The baby kentrosaurus bumps the gate of the pet carrier in the back of my SUV. It thwacks its spiked tail against the sides, grunts with what’s probably hunger, but what I can’t help thinking of as concern — like it senses my growing nervousness as I navigate the long driveway to my little sister’s house.

Funny how I think of her that way, even though she’s pushing 40 and a better physicist than I could ever hope to be. I used to think she squandered her potential walking away from the Probability Rift project — now I know it’s yet another example of her being the smarter sibling.

Kelleigh watches me approach from her front porch, posture like she should be holding a shotgun. It’s been six years since we talked, and I don’t know what I expected, exactly, but things change over time, right? Not long ago, attempting to smuggle even a tiny pull-through artefact from the Rift zone would have been impossible. Klaxons blaring; armed guards pouring from doorways; decontamination and imprisonment. These days, no one much cares.

“You dying?” Kelleigh asks when I exit the car.

It’s a tougher question than it should be. “Not at the moment.”

“Then why are you here?”

“Nice to see you, too,” I say. She raises an eyebrow. “It is,” I insist.

She regards me for a long, silent moment. “What — you want me to offer you a beer?”

I lift the pet carrier from the car. “I brought you a present.”

Jaded as she is, Kelleigh’s eyes goggle at the kentrosaurus even before I unlatch the carrier and it trundles out.

“Holy shit, you did it.” Her stare is split equally between me and the kentrosaurus. “Is that a stego — no, kentrosaurus, right? The shoulder spikes.”

“You always did know your dinosaurs. What other three-year-old wants to be a palaeontologist when she grows up?”

“Tons.”

“OK, but how many can pronounce it?”

She snorts. “How big do these get, anyway?”

“About 18 feet long,” I say. “Dinosaurs are pretty recent target artefacts. We were focused elsewhere.”

Kelleigh’s house sits on I-don’t-know-how-many acres of Adirondack farmland, although she’s let it go to seed. Saplings grow along a meandering stream. Wildflowers paint swathes of the fields like a Monet.

She waves an arm at it. “It’ll have plenty of room to grow, I guess.” The first hint of a smile since I’ve arrived.

I grimace. “You probably don’t need to worry about that.”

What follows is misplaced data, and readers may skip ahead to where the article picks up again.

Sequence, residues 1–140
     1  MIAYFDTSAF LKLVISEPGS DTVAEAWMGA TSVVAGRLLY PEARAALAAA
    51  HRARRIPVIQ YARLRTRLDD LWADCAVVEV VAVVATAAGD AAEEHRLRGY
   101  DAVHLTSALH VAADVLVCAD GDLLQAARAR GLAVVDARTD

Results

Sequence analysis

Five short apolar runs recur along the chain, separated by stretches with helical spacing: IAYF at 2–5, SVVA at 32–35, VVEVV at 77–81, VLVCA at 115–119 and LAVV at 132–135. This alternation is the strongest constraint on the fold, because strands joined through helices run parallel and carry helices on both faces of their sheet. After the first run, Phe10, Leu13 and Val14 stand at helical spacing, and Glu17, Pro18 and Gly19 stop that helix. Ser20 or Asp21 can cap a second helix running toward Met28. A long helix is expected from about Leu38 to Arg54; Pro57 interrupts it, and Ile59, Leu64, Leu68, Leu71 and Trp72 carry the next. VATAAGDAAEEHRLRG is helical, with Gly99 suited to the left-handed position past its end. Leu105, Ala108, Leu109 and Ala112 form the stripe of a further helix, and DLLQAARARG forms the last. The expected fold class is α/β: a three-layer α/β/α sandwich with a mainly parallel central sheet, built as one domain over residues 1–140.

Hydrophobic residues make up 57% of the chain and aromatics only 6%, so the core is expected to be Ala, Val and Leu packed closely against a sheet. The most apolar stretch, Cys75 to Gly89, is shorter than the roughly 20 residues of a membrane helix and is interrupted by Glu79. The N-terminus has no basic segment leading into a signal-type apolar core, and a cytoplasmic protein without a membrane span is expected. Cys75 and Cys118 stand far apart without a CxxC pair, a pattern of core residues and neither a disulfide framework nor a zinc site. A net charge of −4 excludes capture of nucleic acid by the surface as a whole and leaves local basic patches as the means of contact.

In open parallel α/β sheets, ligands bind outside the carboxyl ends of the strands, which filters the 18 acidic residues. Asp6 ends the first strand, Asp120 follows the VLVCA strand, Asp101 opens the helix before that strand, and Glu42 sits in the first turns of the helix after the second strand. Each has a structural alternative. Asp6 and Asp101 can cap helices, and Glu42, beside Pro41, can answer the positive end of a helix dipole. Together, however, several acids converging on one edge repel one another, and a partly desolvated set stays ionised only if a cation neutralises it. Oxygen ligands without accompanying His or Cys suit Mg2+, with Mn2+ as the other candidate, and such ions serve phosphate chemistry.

Her smile falls. “It’s happened then?”

The Probability Rift was supposed to save the planet. The ability to reach into parallel universes, past and future timelines, far-off worlds, and retrieve information and resources. Targeting specific planets and times and universes to find what we needed to fix a dying Earth. Find a timeline that had discovered cold fusion and obtain the secret; remotely mine rare-earth minerals from an uninhabited planet as easily as sifting gold from a river; rewilding denuded biomes with animals from universes where humans took better care of the environment. Everyone admitted it seemed too good to be true, but the maths worked out. It couldn’t go wrong. Everyone involved in the project agreed.

Almost everyone agreed.

I nod to Kelleigh. “You told us so.”

“I knew you had an ulterior motive for coming here.” She stoops, strokes the kentrosaurus’s neck, hand zig-zagging between its bony plates. She stands, slaps her palms on her jeans, and says, “Alright, let’s see what I can do to help.”

When I don’t move to follow her into the house, she halts and quietly says, “That bad?”

I list a few of the bleed-through events: UFOs grounding air traffic over Reykjavik. Every bird at a Miami aviary turning to sand. Half a dozen new pyramids sprouting in the middle of the Sahara. Happening more frequently and over larger areas. Soon we won’t be able to hide them any more. People are going to learn that in trying to take only what we desired, we ripped holes between universes. Unwanted things are coming through, and the holes are growing and show no signs of stopping until our entire universe is one big expanse of nothing.

“How much time do we have left?” Kelleigh asks. “Before it all unravels?”

“We’re not sure,” I shrug. “Not long.”

“So this little guy is …?” She points to the kentrosaurus, which has wandered to a hobblebush shrub and is contentedly munching away.

“We pulled him through on purpose. A week or two ago. We hypothesized we might be able to repair our timeline with pieces of alternate universes. Plugging the holes. Papering them over, at least.” He’s also an apology for not listening, for letting my ambition break a friendship that had existed literally since Kelleigh was born.

“Not a terrible idea,” Kelleigh says, wheels turning. “Did you bring some reports, at least? Recent readings?”

I smile wryly and glance towards the car, where stacks of thick folders cover the back seat. “I might have a few.”

“He have a leash or something?” she asks about the kentrosaurus.

“I’ve got something in the car.”

“Well, alright.” She heads towards the house. “Get him tied up and get your files. I’ll grab us some beers.”

It’s too late. I know it, and I suspect Kelleigh does too. The Probability Rift shredded the Universe beyond repair. But maybe we can use what time is left to fix something else.

The story behind the story

Timothy Mudie reveals the inspiration behind Fixing the rift.

This story was born as part of a contest, but I was happy that I was able to put a lot of myself into it. Although I am very much not a scientist, I was that kid who knew all the dinosaurs and corrected teachers when they mispronounced their names. I also have never written much about brother/sister relationships (at least good ones), despite the fact that my own little sister is one of my best friends. Luckily, neither of us is likely to destroy the Universe.